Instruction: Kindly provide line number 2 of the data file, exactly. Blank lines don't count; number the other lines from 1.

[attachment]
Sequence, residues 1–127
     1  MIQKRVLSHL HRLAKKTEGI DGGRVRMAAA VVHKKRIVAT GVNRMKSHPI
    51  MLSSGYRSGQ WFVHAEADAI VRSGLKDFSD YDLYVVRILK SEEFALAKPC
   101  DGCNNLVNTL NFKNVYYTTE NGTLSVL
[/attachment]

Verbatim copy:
     1  MIQKRVLSHL HRLAKKTEGI DGGRVRMAAA VVHKKRIVAT GVNRMKSHPI